The UK’s ability to negotiate its own trade deals post-Brexit was central to Boris Johnson’s election-winning manifesto.
Johnson’s “oven-ready” Brexit deal will keep the country out of the EU single market and any form of customs union, which will allow it to set an independent trade policy.
But how does the public feel about this? Do they really think that new trade deals will be beneficial?
Our research addresses this question based on a public opinion survey of more than 2,000 respondents.
We find that there is a high level of support for international trade in general terms, with the public broadly believing it brings economic benefits to the UK. But the public is more divided when it comes to free trade agreements following Brexit.
So the government faces considerable challenges if it is to win broad public support for post-Brexit trade agreements, a new relationship with the EU based on free trade, and pursue its vision of a “Global Britain”.
Two-thirds (66%) of the UK population expressed very or fairly positive views towards international trade.
International trade is also seen more positively than globalisation (only 37% being very or fairly positive toward this), immigration (46% being very or fairly positive) and much more so than Brexit (31% being very or fairly positive).
The public is therefore broadly supportive of a vision of the UK as an outward-facing country in which free trade is central.
Support for international trade also seems to cut across party lines, with majorities of supporters from all the main parties expressing positive views.
Interestingly, however, Leavers are more likely to hold a favourable view of international trade (73%; compared to 63% for Remainers), despite being more negative about globalisation overall (32% compared to 42%).
Brexit complicates things
When you ask people about new trade agreements specifically in the context of Brexit, the public is split: 42% holding positive and 41% holding negative impressions of new trade deals after Brexit.
This could reflect the critical reception that trade deals have received in the media, as illustrated by the debates on whether Brexit would result in Britain importing sub-standard food from the US (for example, chlorinated chicken) or the extent to which the NHS will be included in such deals and will ultimately be privatised.
Importantly, public opinion on trade deals and their benefits is to a large extent informed by attitudes towards Brexit.
While Remainers overwhelmingly oppose new trade agreements after Brexit, Leavers express strong support.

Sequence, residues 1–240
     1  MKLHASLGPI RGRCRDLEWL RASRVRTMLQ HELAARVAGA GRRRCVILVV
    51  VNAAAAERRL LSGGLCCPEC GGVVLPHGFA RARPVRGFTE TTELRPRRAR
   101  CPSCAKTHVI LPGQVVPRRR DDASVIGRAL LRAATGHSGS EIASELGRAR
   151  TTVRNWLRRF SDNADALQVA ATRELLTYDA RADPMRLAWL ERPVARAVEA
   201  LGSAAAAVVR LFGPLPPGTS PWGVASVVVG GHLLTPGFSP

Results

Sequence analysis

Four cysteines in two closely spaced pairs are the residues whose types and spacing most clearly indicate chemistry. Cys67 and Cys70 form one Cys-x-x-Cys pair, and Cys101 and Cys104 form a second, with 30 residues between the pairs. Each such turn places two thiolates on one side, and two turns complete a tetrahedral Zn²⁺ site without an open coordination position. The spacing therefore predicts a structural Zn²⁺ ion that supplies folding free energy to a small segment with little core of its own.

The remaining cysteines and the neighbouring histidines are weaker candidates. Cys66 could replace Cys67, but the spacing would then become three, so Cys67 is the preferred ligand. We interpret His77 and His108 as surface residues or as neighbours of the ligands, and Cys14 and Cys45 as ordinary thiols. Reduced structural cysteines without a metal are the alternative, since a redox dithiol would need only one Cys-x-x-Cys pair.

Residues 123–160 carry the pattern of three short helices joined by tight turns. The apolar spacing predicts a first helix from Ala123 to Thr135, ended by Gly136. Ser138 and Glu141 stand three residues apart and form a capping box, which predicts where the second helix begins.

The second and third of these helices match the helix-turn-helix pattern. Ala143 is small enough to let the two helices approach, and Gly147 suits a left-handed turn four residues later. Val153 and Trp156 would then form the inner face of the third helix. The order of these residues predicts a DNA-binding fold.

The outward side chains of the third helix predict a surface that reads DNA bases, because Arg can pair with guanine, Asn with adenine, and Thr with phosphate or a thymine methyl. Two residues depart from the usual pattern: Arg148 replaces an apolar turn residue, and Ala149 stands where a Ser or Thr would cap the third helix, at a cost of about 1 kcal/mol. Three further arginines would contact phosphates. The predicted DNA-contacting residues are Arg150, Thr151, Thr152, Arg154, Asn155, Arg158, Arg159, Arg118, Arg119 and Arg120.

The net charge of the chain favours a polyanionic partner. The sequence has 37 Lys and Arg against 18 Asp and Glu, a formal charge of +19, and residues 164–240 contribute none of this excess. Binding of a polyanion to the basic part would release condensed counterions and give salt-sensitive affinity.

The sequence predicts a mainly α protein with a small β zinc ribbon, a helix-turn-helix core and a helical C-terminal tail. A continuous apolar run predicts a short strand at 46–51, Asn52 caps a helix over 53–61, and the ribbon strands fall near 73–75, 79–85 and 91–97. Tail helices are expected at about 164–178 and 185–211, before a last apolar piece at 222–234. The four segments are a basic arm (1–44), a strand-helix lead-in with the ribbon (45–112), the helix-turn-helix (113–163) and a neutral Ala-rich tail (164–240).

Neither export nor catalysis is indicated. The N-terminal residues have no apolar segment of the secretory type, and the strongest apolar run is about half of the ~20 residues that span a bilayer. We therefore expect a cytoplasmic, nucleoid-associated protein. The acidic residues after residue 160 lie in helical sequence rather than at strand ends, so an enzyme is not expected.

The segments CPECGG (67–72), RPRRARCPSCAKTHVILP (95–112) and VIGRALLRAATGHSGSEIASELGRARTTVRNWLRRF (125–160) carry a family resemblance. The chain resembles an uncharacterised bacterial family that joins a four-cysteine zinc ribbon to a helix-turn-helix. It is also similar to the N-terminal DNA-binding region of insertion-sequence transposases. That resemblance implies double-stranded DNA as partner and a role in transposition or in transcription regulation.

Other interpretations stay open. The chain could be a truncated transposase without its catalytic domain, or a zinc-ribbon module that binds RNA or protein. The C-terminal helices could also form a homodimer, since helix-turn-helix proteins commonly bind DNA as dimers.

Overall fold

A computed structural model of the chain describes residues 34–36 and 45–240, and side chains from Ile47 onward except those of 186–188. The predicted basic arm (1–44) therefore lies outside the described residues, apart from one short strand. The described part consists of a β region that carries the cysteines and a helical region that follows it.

Only 21% of Remainers view potential new trade agreements after Brexit in a positive light. In contrast, an overwhelming 73% of Leavers support such deals.
The data also show that 13% of Leavers have negative views of potential new trade agreements after Brexit and 14% do not know.
This suggests that it is wrong to assume that all Brexit supporters will unequivocally support any government’s attempt to secure new free trade agreements in the future.
Brexit divisions are also becoming reflected by partisanship. Support for new trade deals after Brexit is overwhelmingly seen among right-wing party supporters, whereas we find opposition among left-wing party supporters.
Positive impressions of potential new trade agreements among Conservative (72%) and Brexit Party (85%) voters compare to much lower proportions of Labour (22%), Liberal Democrats (19%) and Green Party supporters (25%).
Thus, attitudes towards free trade agreements differ from their attitudes towards trade in general terms.
For example, it is particularly notable that Liberal Democrat and Labour supporters are positive to international trade but not to potential trade deals after Brexit.
So there is a great difference between supporting free trade in abstract terms on the one hand, and supporting specific trade agreements on the other. There are also major divisions along both Brexit and partisan lines.
What does this mean in practice?
It has been argued that the UK government faces practical challenges to its “Global Britain” strategy because it seeks post-Brexit trade deals at a time when global trade integration has stalled since the financial crisis and is unlikely to pick up steam any time soon.
Our findings suggest that public opinion is likely to pose an additional constraint to the Johnson government’s attempts to strike post-Brexit trade deals.
This is because there are significant underlying divisions that are very likely to emerge once trade negotiations start. Free trade agreements are likely to become another platform for political and economic grievances.
As trade-offs become more apparent – issues such as food safety and costs to the NHS – there is a strong reservoir of negative public opinion that can turn against the government and weaken its negotiating position.
These divisions can undermine its ability to strike successful trade deals. As shown with TTIP, the stalled trade deal between the EU and US, public opinion has the potential to derail agreements.
Plus, trade policy will benefit different parts of the country and sectors of the economy more than others. Trade negotiations raise a number of issues in terms of who wins and who loses out.
Given that the Conservative Party drew support from a mixed electorate – including high-level managerial, professional groups but also skilled and unskilled manual workers – it will prove difficult to broker deals that satisfy everyone.
By , senior lecturer in Politics, ecturer in Politics, both University of York, and Liisa Talving, research fellow in Comparative Politics, University of Tarfu. This piece was originally published by The Conversation.